Some jobs can give readers a hint about the character’s appearance. Models tend to be attractive by society’s established standards. Laboratory technicians wear lab coats. Professional athletes are physically fit. Whether it’s the uniform or expectations that go with the job, an occupation can provide many unspoken clues about how a character looks and behaves at work.
Sometimes a character will work in a field because he’s forced to or it’s the only thing available. But when he’s free to choose, a job will usually indicate certain preferences. An outdoor guide will be a nature enthusiast who would rather work outside than in a cubicle. A personal shopper should enjoy shopping. A nanny hopefully likes working with kids. While characters in each career will have their own personal passions, their employment choice will often reveal something about their basic preferences.
Another reason a character may choose a profession is that it aligns with his deepest beliefs. A clergy member may follow this path because, to him, helping people find God is the highest possible calling. A career in the military is often preceded by a strong sense of patriotism and respect for one’s country. Careers like these can immediately say something to readers about the character’s ideals and values.
As indelicate as the subject may be, many jobs are associated with economic status. A character who is a successful lawyer, doctor, or business tycoon is going to read rich while someone in an entry-level or blue-collar position (cashiers, car drivers, babysitters, or bouncers) may be perceived by readers as being less privileged.
Even without any fine-tuning or individualizing—which is always a good idea, to avoid clichés or stereotypes—an occupation can suggest many things about a character. And if the scenario is one where the character hates what they do, readers still learn something valuable: the job might reveal a lack (of education or opportunities), showcase their priorities (to provide for their family, to fulfill an obligation, etc.), or indicate a limitation (a physical or mental condition).
Need help choosing the right job fit for your character? Here’s a list of all the professions you’ll find information about in The Occupation Thesaurus: A Writer’s Guide to Jobs, Vocations, and Careers. What jobs do your characters have?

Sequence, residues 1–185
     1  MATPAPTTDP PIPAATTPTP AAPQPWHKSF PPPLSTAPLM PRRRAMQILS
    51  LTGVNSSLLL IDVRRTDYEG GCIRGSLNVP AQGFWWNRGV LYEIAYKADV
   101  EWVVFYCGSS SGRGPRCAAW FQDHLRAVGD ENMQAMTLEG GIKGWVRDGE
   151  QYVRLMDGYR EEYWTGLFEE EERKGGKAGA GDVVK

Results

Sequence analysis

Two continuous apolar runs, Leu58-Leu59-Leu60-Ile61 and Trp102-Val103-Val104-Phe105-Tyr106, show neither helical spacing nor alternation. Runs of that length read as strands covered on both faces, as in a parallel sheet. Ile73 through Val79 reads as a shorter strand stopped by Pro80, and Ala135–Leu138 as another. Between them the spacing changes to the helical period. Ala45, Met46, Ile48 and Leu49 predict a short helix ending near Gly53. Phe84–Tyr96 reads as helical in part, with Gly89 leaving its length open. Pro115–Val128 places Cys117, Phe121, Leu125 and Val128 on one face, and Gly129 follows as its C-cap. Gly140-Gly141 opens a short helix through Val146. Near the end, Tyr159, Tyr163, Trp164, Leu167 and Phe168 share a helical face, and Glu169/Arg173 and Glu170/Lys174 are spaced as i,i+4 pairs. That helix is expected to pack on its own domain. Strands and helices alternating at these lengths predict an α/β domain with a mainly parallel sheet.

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Angela Ackerman is a writing coach, international speaker, and co-author of the bestselling book, The Emotion Thesaurus and its many sequels. Her books are available in eight languages, are sourced by US universities, recommended by agents and editors, and are used by novelists, screenwriters, and psychologists around the world. To date, this book collection has sold over half a million copies.
Angela is also the co-founder of the popular site Writers Helping Writers, as well as One Stop for Writers, a portal to game-changing tools and resources that enable writers to craft powerful fiction. Find her on Facebook, Twitter, and Instagram.
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Most of my main characters are cops, covert ops field agents, etc. I do have a cowboy series, but they're all ex-cops, covert ops agents, etc. However, I always struggle with occupations for the secondary characters they are going to be sharing center stage with in my romantic suspense novels. Many times, I've been tempted to ask people I encounter why they've chosen the jobs they have. "What do you like about collecting garbage?" "DId you always want to deliver mail?"
One bit of "advice" from an author workshop was "eventually you're going to have to write a scene showing that character at work" so I try to choose jobs that 1) I know a little about; 2) are relatively interesting to read about. Or, I can pull them away from their job and avoid much of the 'hands on' such as my current manuscript where my heroine is a caregiver, but she's on vacation in the UK and doesn't need to use her skill set--too much. It's there, but it's not "a day at work with Heather."